Morgan Scalley watched the Minneapolis Miracle and his heart sank.
He is not a New Orleans Saints fan, per se. But he is a big fan of Marcus Williams, the Saints safety who made – or failed to make – the unforgettable play. It was Scalley who recruited Williams to Utah.
“Oh shoot,” the defensive coordinator thought. “He didn’t know what to do.”
The highlight that lives on is of Vikings wide receiver Stefon Diggs coming down with a third-and-10 pass from Case Keenum and scampering 61 yards unbothered into the end zone for a game-winning touchdown in the playoffs. Almost immediately, there was a national outcry over Williams’ error. He missed the tackle and indirectly impeded a teammate from stopping Diggs. There was the typical social media inferno, a combination of outrage and some sympathy. Until that moment, most football fans had no idea who Williams was. Quite a few figured he would be ruined by the moment.
Scalley knew better.
To those who understand the sport and the position, Williams’ predicament on that play was the constant risk that comes with the job of safety. Do you launch yourself and risk pass interference? Or do you take a safer route, and time a tackle? Williams was actually in that position because of good instincts: he had correctly anticipated and arrived early on the play. That, in a way, made it tougher. He was too aggressive and he made a mistake that happens from time to time. But that nuance was lost in all the mourning and memes.
About a half-hour after the game ended, Scalley called up Williams. His former player was “devastated,” but he knew which words might help.
“Hey, brother,” he said, “you’ve been here before.”
Williams was a rare find for the Utah program. The Utes were coming off a 2013 season with only three interceptions. They needed a resilient leader in the secondary, and they had to find it in recruiting. They zeroed in on a California kid who wasn’t even much of a college football fan. He hadn’t spent all his life dreaming of USC or UCLA.
“He was our top safety for that class,” says head coach Kyle Whittingham. “Our coaches loved his competitiveness. He had nearly a 40-inch vertical. Good basketball player. Great range.”
He was also more mature than his 17 years. “There wasn’t anything we had to fix,” Whittingham remembers. Williams refused to cuss and could be heard at practice saying, “What the duck?” (He quickly earned the nickname “Duck Boy.”) When he was introduced to a blitz called “Ass Kill Zero” he called it “Butt Kill Zero.”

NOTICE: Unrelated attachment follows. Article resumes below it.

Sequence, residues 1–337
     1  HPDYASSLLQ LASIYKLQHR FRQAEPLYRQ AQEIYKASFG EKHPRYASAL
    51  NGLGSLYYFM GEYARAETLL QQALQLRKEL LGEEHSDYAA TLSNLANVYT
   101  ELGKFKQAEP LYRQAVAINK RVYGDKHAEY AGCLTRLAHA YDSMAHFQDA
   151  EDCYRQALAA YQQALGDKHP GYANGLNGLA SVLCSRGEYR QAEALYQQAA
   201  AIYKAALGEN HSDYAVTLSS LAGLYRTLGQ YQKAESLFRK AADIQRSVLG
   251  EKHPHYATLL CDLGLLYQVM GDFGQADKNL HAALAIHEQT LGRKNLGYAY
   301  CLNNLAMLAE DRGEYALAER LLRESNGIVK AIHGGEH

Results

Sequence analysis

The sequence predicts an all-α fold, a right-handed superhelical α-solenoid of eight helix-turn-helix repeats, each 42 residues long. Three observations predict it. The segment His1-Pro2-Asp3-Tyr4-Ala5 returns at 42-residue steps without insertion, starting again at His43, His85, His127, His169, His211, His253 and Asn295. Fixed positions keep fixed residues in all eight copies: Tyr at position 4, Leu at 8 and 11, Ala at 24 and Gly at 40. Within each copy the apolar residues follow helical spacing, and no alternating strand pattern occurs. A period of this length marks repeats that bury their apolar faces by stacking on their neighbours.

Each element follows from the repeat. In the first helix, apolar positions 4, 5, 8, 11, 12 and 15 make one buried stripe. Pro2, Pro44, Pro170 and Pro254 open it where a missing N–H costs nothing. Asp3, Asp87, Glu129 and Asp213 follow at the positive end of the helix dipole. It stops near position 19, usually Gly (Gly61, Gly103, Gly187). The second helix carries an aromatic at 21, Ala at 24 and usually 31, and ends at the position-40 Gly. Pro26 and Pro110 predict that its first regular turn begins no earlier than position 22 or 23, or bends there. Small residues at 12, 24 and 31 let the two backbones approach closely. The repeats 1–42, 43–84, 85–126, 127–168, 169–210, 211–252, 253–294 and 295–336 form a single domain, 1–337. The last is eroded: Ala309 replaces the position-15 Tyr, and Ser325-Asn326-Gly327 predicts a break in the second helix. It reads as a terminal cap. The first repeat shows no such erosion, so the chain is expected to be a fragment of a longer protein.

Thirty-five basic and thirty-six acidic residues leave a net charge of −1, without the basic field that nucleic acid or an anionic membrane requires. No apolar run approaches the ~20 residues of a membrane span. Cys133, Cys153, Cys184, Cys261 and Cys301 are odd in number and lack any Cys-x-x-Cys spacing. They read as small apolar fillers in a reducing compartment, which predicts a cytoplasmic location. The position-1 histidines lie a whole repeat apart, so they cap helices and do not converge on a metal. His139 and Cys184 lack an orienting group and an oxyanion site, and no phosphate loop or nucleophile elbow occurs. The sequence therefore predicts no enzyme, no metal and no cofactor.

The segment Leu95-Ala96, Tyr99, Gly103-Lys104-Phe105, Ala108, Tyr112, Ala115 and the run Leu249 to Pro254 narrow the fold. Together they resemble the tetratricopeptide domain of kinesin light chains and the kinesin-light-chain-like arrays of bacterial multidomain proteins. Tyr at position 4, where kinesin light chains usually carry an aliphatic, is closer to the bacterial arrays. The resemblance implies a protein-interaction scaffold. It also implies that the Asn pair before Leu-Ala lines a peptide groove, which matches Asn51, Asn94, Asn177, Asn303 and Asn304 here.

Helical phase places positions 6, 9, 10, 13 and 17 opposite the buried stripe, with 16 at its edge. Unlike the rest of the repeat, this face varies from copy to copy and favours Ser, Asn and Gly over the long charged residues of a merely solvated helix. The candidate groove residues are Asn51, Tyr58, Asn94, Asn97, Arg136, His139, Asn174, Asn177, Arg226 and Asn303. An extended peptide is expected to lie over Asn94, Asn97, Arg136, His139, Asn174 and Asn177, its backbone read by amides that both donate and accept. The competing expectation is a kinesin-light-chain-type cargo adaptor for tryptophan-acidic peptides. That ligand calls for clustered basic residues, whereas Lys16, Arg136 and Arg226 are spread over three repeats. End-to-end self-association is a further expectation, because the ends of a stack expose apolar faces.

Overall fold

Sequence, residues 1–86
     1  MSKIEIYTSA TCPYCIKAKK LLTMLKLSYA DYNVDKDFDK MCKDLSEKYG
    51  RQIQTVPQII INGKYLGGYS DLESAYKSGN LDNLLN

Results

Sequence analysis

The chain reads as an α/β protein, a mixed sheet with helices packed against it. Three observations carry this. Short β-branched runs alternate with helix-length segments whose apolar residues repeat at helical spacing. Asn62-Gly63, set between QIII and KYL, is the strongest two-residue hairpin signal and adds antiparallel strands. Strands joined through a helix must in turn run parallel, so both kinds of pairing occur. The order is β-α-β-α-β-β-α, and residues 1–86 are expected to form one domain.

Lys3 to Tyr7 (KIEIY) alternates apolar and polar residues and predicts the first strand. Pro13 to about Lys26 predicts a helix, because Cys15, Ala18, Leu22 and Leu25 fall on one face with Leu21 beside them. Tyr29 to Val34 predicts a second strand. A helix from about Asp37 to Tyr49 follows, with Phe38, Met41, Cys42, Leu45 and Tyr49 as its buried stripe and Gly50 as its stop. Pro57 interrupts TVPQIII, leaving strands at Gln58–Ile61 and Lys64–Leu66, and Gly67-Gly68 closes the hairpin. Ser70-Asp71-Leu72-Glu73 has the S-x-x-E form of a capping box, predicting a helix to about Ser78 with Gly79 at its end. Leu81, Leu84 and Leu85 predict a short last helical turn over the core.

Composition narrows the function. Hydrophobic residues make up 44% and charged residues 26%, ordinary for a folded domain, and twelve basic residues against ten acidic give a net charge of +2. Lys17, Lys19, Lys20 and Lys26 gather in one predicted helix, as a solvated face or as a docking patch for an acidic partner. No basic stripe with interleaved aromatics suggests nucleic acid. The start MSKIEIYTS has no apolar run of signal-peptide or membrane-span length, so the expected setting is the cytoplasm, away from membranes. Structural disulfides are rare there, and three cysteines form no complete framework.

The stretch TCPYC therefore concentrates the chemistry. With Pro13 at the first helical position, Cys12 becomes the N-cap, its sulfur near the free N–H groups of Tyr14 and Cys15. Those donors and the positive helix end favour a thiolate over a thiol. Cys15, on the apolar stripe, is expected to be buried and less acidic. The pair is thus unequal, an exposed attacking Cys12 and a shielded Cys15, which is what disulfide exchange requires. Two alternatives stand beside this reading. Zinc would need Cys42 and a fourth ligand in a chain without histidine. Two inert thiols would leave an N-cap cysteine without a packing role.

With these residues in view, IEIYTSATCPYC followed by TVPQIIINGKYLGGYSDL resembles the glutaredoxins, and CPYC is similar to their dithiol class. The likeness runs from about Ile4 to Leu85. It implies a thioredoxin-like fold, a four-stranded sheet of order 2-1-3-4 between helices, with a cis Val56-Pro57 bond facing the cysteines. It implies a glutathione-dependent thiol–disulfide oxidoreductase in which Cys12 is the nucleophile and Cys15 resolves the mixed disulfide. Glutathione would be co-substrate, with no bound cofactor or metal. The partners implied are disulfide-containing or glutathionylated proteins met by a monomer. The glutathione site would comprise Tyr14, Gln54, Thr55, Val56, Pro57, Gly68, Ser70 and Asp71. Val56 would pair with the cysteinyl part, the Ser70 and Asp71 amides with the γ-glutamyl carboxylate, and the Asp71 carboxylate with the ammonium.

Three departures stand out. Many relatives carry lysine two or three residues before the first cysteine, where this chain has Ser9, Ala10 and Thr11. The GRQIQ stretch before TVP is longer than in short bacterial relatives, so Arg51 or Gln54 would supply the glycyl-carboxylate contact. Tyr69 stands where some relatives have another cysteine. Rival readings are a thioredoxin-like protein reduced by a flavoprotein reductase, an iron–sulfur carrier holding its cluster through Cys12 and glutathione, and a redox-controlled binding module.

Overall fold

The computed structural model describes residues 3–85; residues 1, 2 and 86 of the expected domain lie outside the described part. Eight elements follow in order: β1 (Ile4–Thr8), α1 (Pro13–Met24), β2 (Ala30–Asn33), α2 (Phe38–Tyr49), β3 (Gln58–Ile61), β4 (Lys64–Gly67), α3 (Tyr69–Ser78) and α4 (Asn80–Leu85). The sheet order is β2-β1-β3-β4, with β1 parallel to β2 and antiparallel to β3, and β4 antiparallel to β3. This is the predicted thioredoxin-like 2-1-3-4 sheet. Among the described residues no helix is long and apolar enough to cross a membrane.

He would need to grow up fast. In the first month of his career at Utah, he played in a whirlwind of a game in which the Utes blew a 21-0 lead and lost 28-27 to Washington State. Williams had nine tackles, but he also gave up a touchdown when he got beat over the top and couldn’t stop another score at the end of the game when he – yes, you guessed it – missed a crucial tackle. It was only his fourth collegiate game. He was benched the following week.
“He was so young,” Scalley says. “He was still getting to know his teammates. He hadn’t established himself. It was really hard on him.”
Sound familiar? It did when Scalley called to remind Williams of that awful game from his freshman year. He didn’t have to remind Williams what happened next: he was all-conference the following season.
“Are you going to listen to the haters or pick yourself up and work?” Scalley asked Williams.
There didn’t need to be an answer. “He’s a competitor,” says the coach. “He’s a giver. All he does is everything you ask.”
It should be no surprise, then, that Williams has had a stellar camp. He has picked off Drew Brees on three consecutive days and the future Hall of Fame quarterback has compared him to Ed Reed. “You had to do a good job of looking off and try to get him leaning one way, and still you’d throw the ball and be like, ‘How did he get there?’ ” Brees told reporters. “Marcus makes some of those plays, where you’re like, ‘How did he get there? Where did he come from?’ ”
Williams addressed the Minneapolis Miracle in a short news conference, saying he had already moved on, and it’s clear to his teammates that he has.
“That play was one of the very few mistakes last year,” says receiver Michael Thomas. “We always knew the potential he has.”
And that makes sense. A miracle play, by definition, is extremely rare. The chances that Williams arrives early to a key situation again is high, and the chances he errs again are low.
“He’s one in a million in terms of kids that come into your program,” Scalley says. “Shows up early, stays late. Then for people to question him? All they see is No. 43 missing a play. I know where his heart is.”
Scalley went to New Orleans over the summer to grab a meal with his former player. He knew by then there weren’t any lingering effects from last season. Williams had already posted a motivational workout video on his Twitter feed, which starts with the play and then fades to him waking up before dawn to work out.
— Marcus Williams (@MarcusWilliams) March 7, 2018
Nobody wants to see a Miracle happen to a favorite player, but if it has to happen, you want it to happen to someone who can come back to work without baggage. Someone who has already bounced back from a wretched first-year game. Someone who doesn’t wallow.
Someone like Duck Boy.
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